Efforts to protect Asian elephant populations in Cambodia had for a long time been hampered by a lack of credible information on population levels and trends, distribution, and movement patterns. However, monitoring work launched in 2006 not only provided the first robust estimate of elephant population size for Cambodia, but also highlighted the importance of the one of Cambodia's elephant populations within the Greater Mekong Region.
The study was implemented in the Seima Protection Forest (SPF), in the Eastern Plains of Cambodia. It showed that the elephant population there is genetically diverse, and therefore has the potential to recover further if the remaining elephant habitat can be effectively protected against human encroachment and deforestation. Furthermore, the study identified a number of key locations within the SPF, mostly in proximity to water sources, that are frequently used by elephants at particular points in the year.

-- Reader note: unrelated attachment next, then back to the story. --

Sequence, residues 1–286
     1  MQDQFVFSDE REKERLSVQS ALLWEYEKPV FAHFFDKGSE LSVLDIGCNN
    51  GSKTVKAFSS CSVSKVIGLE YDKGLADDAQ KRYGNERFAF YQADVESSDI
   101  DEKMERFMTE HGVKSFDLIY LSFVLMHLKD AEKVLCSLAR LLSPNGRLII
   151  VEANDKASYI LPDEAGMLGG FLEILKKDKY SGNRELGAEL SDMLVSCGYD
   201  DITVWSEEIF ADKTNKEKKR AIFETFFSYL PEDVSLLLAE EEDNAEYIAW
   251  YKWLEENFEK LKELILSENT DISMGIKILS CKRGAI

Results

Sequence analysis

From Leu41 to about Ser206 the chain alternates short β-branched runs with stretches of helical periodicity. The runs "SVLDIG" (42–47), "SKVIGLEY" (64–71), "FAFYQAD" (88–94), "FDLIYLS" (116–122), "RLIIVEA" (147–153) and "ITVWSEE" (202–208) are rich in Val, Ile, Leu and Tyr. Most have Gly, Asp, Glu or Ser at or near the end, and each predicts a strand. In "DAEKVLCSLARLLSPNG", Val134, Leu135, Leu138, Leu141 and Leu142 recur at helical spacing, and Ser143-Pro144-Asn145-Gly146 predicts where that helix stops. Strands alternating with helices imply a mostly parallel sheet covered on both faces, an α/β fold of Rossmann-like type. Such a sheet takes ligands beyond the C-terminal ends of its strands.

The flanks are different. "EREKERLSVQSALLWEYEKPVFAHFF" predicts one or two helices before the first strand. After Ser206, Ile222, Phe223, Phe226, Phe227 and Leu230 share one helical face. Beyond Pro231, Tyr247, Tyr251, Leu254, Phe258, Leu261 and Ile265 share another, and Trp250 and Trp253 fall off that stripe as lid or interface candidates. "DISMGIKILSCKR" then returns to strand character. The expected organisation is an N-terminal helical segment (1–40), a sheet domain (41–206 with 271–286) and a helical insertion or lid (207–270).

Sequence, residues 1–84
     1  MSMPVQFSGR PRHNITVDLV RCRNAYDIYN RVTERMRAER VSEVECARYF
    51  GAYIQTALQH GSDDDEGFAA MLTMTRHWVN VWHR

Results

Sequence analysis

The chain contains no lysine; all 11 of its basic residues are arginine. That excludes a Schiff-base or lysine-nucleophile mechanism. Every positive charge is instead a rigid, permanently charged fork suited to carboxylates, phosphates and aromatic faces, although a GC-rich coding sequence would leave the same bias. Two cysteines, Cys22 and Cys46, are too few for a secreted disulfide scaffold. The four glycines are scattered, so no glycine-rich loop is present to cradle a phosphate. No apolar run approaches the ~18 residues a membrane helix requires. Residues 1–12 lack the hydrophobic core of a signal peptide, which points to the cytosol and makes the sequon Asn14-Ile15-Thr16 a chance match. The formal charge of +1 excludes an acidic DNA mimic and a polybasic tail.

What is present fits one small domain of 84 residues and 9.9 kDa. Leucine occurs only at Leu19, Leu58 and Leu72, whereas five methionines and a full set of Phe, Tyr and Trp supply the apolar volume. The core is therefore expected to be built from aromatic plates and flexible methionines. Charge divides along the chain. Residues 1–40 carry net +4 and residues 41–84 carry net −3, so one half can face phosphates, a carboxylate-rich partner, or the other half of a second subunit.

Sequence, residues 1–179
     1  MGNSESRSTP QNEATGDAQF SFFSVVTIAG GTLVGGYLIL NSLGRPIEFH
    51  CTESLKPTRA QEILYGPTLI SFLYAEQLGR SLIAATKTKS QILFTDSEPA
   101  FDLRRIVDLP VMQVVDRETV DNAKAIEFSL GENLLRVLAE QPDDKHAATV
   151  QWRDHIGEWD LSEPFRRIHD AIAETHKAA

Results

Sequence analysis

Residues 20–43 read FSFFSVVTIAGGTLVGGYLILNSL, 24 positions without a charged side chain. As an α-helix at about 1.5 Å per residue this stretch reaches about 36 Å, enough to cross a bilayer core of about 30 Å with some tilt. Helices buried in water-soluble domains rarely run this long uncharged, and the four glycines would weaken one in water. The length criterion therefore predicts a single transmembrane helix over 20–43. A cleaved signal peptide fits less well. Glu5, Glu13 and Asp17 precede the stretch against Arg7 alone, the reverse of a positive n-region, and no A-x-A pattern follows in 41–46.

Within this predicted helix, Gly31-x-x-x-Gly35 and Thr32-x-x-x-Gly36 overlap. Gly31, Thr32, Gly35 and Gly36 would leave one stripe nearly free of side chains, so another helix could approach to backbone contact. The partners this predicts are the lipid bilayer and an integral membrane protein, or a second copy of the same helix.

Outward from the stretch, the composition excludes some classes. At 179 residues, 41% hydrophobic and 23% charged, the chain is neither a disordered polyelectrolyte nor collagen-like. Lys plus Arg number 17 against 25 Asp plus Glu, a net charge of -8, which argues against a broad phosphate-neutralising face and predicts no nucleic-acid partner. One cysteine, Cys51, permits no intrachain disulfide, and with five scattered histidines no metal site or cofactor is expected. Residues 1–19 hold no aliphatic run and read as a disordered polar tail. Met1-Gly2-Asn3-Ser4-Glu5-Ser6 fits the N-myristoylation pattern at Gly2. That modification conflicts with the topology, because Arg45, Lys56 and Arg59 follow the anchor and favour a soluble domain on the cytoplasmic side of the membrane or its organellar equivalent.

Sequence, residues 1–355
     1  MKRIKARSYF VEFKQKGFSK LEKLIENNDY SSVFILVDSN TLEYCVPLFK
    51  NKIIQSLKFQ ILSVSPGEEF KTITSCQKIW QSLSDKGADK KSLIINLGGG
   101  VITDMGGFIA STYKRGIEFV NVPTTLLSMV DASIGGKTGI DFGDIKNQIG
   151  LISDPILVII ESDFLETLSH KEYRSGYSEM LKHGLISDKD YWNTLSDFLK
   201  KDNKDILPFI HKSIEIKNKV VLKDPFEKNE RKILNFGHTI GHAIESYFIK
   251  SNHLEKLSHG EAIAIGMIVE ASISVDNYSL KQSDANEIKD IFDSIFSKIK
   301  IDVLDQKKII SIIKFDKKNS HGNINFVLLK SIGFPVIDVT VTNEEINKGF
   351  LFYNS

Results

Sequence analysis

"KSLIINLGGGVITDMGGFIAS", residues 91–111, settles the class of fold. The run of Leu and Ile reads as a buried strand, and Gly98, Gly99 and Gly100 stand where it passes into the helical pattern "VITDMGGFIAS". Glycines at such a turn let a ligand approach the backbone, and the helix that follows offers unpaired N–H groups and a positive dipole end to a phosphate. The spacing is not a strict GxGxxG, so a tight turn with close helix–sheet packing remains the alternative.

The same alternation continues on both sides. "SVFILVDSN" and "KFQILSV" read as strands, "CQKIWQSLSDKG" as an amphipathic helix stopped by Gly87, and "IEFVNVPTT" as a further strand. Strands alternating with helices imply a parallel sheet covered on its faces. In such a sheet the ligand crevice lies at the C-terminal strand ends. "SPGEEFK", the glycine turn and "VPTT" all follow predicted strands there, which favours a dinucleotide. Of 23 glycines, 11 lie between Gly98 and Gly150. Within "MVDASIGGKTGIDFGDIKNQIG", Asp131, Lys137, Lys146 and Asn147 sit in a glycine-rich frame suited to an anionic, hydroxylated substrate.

Project activities now focus on protecting and monitoring these 'hotspots' in order to allow elephant numbers to increase, and further monitoring studies are planned in both SPF and the Northern Plains landscape.
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